In general, schools have improved so much in recent years. When I reflect on my own experiences a few decades ago and then witnessed in recent years the differences through the eyes of my daughter, it feels like another world.
Attitudes have changed. Teaching methods have changed. Everything now is more visual and engaging and the internet has certainly helped to accelerate this. Parents’ evenings also provided me with an eye-opener of what went on in the classrooms. I couldn’t believe the level of equipment that was available to students. Not just things like laptops but also a lot of high-tech craft design and production tools, and loads of sports equipment. I helped coach football at my daughter’s school for a couple of years. I couldn’t believe how much sports stuff they had compared with the few soft and beaten-up footballs I would have had access to in my time.
I felt quite envious of everything that was on offer. Of course, my daughter saw things slightly differently and usually found something to moan about at the end of each day.
One aspect that I think could still be improved in school, is teaching students about finance.
Schools should prepare students, as much as possible, on how to survive in the outside world. Finance affects everyone, regardless of your personal circumstances.
My daughter recently left school and is now at university. During the application process and obtaining her student loan, she had to open a new bank account and fill in various forms etc. She didn’t have a clue where to begin. Although I was happy to assist, I was shocked at how unprepared for all this she was. I just assumed she would have been taught at school about finance. How to open a bank account? How to apply for a mortgage? What does APR stand for and how does it work? But no. I wouldn’t expect her to know about the intricacies of a bridging loan but I thought she would have learned the basics. The kind of basics every student needs to know.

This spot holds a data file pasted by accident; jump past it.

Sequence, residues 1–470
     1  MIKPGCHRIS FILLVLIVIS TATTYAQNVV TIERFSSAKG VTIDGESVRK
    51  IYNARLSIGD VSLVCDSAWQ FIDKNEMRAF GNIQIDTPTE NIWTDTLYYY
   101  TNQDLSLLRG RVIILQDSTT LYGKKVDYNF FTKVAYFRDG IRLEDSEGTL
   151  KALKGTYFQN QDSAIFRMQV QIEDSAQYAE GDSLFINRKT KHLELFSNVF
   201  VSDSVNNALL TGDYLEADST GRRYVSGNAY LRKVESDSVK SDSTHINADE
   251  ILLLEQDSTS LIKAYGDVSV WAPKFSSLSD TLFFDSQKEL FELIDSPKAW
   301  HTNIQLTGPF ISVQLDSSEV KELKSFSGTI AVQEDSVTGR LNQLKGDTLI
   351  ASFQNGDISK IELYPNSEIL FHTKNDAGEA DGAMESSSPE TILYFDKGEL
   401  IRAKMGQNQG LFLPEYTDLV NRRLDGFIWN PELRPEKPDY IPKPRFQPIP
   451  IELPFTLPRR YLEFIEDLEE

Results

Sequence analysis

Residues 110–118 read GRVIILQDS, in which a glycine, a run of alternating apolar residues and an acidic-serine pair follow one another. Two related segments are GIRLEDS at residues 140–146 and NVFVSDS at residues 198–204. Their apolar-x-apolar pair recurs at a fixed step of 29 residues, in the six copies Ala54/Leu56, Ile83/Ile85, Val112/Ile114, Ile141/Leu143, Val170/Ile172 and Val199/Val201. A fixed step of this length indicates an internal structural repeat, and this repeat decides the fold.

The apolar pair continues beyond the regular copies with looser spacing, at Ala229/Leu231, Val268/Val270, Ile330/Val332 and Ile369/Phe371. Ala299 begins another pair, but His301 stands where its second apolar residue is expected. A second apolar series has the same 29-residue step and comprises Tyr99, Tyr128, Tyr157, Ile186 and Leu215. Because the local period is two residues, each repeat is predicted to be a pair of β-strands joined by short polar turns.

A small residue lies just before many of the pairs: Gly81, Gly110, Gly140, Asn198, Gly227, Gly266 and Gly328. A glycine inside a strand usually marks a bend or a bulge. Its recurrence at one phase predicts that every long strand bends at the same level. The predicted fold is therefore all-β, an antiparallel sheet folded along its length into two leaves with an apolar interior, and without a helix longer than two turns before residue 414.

This isn’t just my opinion. Money Saving Expert, Martin Lewis has highlighted this problem. He felt so strongly about it, that he created his own free Open University course to help fill the gap, to enable students the opportunity of a grounding in financial knowledge.
Fortunately, there are other resources available online to do much of the heavy lifting when trying to solve any financial matter you may have.
The starting point of so many financial journeys is working to a budget. This is much easier if you have access to a ready-made budget planner. It’s so easy to forget something when you try and do your own and this does all the calculations for you. It comes with an informative guide too.
Perhaps you want to buy your first house but you’ve no idea if you could afford the mortgage repayments. What you need is a mortgage calculator to work this out. You set the term, interest rate and how much you wish to borrow and the calculator shows the monthly repayments. I like the way you can experiment to see how changing the parameters affect the repayments figure. Again, there’s an in-depth explanation of everything.
You’ll see loads of other financial calculators to cover all the common topics whether saving or borrowing. When you’ve had enough of the number crunching check out the maths games section for a bit of fun!
So despite schools lagging behind on the topic of finance, all is not lost.
Like with so many issues, the internet yet again comes to the rescue by giving us access to many of the essential financial tools we need in our everyday lives.
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